First and foremost, what is a “shooting brake”? According to Mercedes-Benz, it’s a traditional name once given to carriages in the past which were rebodied at great expense to transport hunting parties and their “gaming” equipment (along with a hunting dog or two). These vehicles, common in England back in the 1960s and 1970s, evolved into two-door wagons that combine luxury with good cargo capacity and a good-sized tailgate.
The CLS Shooting Brake qualifies then, apart from the two-door “qualification”. Its tailgate is large, and motorised (with easy control of the variable opening height), while the rectangular boot (sprucely trimmed in soft velour) offers much more utility than the CLS notchback.
With 590 litres of evenly shaped space expandable to 1550 litres by folding down the rear back-rests (using convenient levers), the CLS Shooting Brake (or SB for short) is a far superior load-carrier than its saloon sibling, which has 520 litres of boot space that cannot be expanded due to the fixed back seats. Having said that, the CLS SB is a worse wagon than the E-Class estate, which is a proper load-lugger with 695-1950 litres of cargo room, plus roof rails for even more versatility.
No rails disrupt the swoopy roofline of the CLS Shooting Brake – a sweeping statement of modern Mercedes design. That roof forms a sinuous, continuous arc with the D-pillars, and together, they’re a bold blend of canopy and creativity. Bold, too, is our test car’s Manganite Grey paintwork – matt, and slightly mad. A neat bodykit and a snazzy set of alloy wheels, all from AMG, round off the striking styling.
The cockpit is pure CLS, which means cushy seats, leather everywhere (even atop the dashboard), clean ergonomics (albeit muddied by the foot-operated parking brake) and solid construction. Mercedes’ usual infotainment features are supplemented by a reverse parking camera, which works in conjunction with Parktronic and Active Parking Assistance to help the Shooting Brake shoot into an empty carpark lot in no time at all.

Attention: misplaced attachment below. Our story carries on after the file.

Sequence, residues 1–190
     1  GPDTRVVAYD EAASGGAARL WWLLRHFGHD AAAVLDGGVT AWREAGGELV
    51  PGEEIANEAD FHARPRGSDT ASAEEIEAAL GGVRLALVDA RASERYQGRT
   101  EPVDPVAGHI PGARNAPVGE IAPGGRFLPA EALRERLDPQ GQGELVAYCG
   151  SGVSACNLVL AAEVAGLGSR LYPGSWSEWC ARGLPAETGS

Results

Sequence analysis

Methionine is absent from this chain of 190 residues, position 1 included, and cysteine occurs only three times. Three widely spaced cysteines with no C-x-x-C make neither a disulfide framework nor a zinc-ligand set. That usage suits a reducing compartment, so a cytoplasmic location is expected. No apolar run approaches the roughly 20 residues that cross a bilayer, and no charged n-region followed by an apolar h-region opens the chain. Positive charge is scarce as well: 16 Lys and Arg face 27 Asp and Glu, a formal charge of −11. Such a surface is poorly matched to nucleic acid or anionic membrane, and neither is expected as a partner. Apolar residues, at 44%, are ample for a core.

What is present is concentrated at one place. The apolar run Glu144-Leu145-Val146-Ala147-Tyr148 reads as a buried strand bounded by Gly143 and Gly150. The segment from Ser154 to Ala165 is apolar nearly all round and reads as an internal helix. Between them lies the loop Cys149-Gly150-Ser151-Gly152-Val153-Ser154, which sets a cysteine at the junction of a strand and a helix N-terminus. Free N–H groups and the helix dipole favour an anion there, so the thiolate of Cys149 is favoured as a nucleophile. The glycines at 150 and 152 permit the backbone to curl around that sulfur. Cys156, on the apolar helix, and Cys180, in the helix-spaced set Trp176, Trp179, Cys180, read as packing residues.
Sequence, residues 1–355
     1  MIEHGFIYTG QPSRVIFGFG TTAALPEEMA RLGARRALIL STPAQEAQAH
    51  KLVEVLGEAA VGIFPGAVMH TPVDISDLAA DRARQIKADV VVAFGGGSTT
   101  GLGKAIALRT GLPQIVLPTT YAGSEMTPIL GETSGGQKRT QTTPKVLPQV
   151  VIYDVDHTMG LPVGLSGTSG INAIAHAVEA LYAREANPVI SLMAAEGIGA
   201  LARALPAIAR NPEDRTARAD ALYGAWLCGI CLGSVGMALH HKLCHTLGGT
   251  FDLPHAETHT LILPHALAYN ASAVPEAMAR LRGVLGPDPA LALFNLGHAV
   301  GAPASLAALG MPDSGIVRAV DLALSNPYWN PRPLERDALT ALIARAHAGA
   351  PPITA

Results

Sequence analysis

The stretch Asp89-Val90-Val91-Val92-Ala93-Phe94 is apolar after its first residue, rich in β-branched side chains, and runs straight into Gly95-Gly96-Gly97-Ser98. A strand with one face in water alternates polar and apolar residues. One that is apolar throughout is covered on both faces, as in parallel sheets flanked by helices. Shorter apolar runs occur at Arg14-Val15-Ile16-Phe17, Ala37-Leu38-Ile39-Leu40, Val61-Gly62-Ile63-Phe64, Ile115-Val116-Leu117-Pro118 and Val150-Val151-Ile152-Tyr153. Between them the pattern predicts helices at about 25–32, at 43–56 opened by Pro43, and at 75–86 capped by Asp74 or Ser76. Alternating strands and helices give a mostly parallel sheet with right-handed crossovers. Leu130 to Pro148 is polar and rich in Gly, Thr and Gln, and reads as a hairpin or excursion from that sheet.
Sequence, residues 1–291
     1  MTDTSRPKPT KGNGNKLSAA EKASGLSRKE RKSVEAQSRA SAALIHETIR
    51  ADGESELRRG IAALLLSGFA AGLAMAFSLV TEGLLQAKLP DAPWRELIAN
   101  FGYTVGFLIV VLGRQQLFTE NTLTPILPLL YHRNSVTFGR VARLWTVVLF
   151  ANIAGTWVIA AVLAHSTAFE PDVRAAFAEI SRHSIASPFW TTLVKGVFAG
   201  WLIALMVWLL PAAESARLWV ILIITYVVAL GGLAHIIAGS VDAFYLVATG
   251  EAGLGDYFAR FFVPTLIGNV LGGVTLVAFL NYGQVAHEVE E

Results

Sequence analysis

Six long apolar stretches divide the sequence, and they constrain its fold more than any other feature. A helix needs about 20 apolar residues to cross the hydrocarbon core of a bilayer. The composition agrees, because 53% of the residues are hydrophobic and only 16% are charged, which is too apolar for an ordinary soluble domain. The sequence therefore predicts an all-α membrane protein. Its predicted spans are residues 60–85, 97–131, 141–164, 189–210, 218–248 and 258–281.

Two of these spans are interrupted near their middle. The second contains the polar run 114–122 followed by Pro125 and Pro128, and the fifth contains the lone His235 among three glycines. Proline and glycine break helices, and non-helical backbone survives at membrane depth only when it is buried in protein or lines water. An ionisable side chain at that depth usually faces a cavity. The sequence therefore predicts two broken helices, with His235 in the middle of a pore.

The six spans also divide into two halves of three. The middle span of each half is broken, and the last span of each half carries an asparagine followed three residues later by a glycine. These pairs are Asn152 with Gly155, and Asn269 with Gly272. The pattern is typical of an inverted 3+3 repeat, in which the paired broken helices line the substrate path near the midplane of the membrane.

The driving position is excellent, with great visibility through the windows and windscreens. In this German grand tourer, the driver can sit in a “grandiose” (low-slung and laid-back) or “touring” (upright and well-supported) manner – either way, the CLS SB is glad to oblige.
Rear passengers will be happy, too, thanks to the plush bench seat, which allows a third person to come along, unlike the strict two-seater configuration in the CLS saloon. The legroom is as generous as in the other CLS model and the headroom is slightly better, while entry/exit has been made easier by the bigger rear-door apertures. Less welcome are the back-seat occupants’ spring-mounted cupholders – they spring out too sharply, accompanied by the cheap rattle of plastic.
On the move, the CLS SB boasts classic big-Merc comfort, nicely insulated from the roadside/doorside crowds. Further “insulation” is provided by the test car’s Bang & Olufsen Beosound hi-fi, a $15k option that puts a concert hall “into” the cabin. The ride is pleasant, except for the occasional shocks transmitted by the 18-inch wheels when they roll over jagged tarmac.
There’s a touch of extra firmness in the rear suspension, perhaps to handle the SB’s wagon work, but it’s nothing untoward. The steering is effortless, just like the overall handling – exactly what the CLS/E/S-Class clientele prefers. In case you’re wondering, the Shooting Brake also brakes very well.
The powerplant is the same 306bhp 3.5-litre V6 employed in the notchback, but with the SB about 100kg heavier, its performance is less eager. Even so, this estate can out-accelerate the Mk 6 Golf GTI from zero to 100km/h – as long as you don’t have a ton of things in the trunk. The Mercedes engine revs sweetly (despite just 90km on the clock when I collected the car), and it operates quietly when not required to pick up the pace.
The 7G-Tronic Plus automatic transmission is slick but rather languid, and it’s sometimes caught out by a sudden flex of the right foot on the throttle pedal. Toggling the drive mode from C (comfort) to S (sport) seems to smoothen the gearchanges, besides making them a bit more aggressive. In any case, there are paddle-shifters (quality items, by the way) to manually override the gearbox.
Like a meteorite, the CLS Shooting Brake is destined to be a rare sight. Station wagons are not popular in Singapore, especially among traditional businessmen whose idea of corporate success is a four-door with a three-box format and three-pointed star emblems. Even a stylish and luxurious estate made by their beloved car brand won’t change their minds. As for me, I’d take the Shooting Brake over the saloon anytime, and go shoot birds or something (with a camera, of course).
This story was first published in the March 2013 issue of Torque.
2013 Mercedes-Benz CLS350 Shooting Brake 3.5 (A)
ENGINE 3498cc, 24-valves, V6
MAX POWER 306bhp at 6500rpm
MAX TORQUE 470Nm at 3500-5250rpm
GEARBOX 7-speed automatic with manual select
0-100KM/H 6.7 seconds
TOP SPEED 250km/h
CONSUMPTION 13.7km/L (combined)
CO2 EMISSION 169g/km
Read about the 2017 Mercedes-Benz CLA250 Shooting Brake here
Check out the 2016 Mercedes-Benz E-Class Estate here